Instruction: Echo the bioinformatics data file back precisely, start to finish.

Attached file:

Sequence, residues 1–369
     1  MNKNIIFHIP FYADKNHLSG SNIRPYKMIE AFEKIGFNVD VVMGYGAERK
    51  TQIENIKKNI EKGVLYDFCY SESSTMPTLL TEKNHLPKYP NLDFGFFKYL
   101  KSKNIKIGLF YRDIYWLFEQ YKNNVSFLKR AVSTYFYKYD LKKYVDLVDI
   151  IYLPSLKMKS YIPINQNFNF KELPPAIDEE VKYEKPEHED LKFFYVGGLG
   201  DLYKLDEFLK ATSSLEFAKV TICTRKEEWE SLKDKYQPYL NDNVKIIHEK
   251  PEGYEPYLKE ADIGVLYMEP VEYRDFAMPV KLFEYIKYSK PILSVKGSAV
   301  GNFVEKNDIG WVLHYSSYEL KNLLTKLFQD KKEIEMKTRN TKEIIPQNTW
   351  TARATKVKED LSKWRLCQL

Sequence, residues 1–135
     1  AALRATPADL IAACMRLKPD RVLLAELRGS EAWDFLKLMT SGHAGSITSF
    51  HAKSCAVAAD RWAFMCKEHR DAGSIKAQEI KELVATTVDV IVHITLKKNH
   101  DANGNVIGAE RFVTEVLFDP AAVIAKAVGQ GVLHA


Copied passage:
Sequence, residues 1–369
     1  MNKNIIFHIP FYADKNHLSG SNIRPYKMIE AFEKIGFNVD VVMGYGAERK
    51  TQIENIKKNI EKGVLYDFCY SESSTMPTLL TEKNHLPKYP NLDFGFFKYL
   101  KSKNIKIGLF YRDIYWLFEQ YKNNVSFLKR AVSTYFYKYD LKKYVDLVDI
   151  IYLPSLKMKS YIPINQNFNF KELPPAIDEE VKYEKPEHED LKFFYVGGLG
   201  DLYKLDEFLK ATSSLEFAKV TICTRKEEWE SLKDKYQPYL NDNVKIIHEK
   251  PEGYEPYLKE ADIGVLYMEP VEYRDFAMPV KLFEYIKYSK PILSVKGSAV
   301  GNFVEKNDIG WVLHYSSYEL KNLLTKLFQD KKEIEMKTRN TKEIIPQNTW
   351  TARATKVKED LSKWRLCQL

Sequence, residues 1–135
     1  AALRATPADL IAACMRLKPD RVLLAELRGS EAWDFLKLMT SGHAGSITSF
    51  HAKSCAVAAD RWAFMCKEHR DAGSIKAQEI KELVATTVDV IVHITLKKNH
   101  DANGNVIGAE RFVTEVLFDP AAVIAKAVGQ GVLHA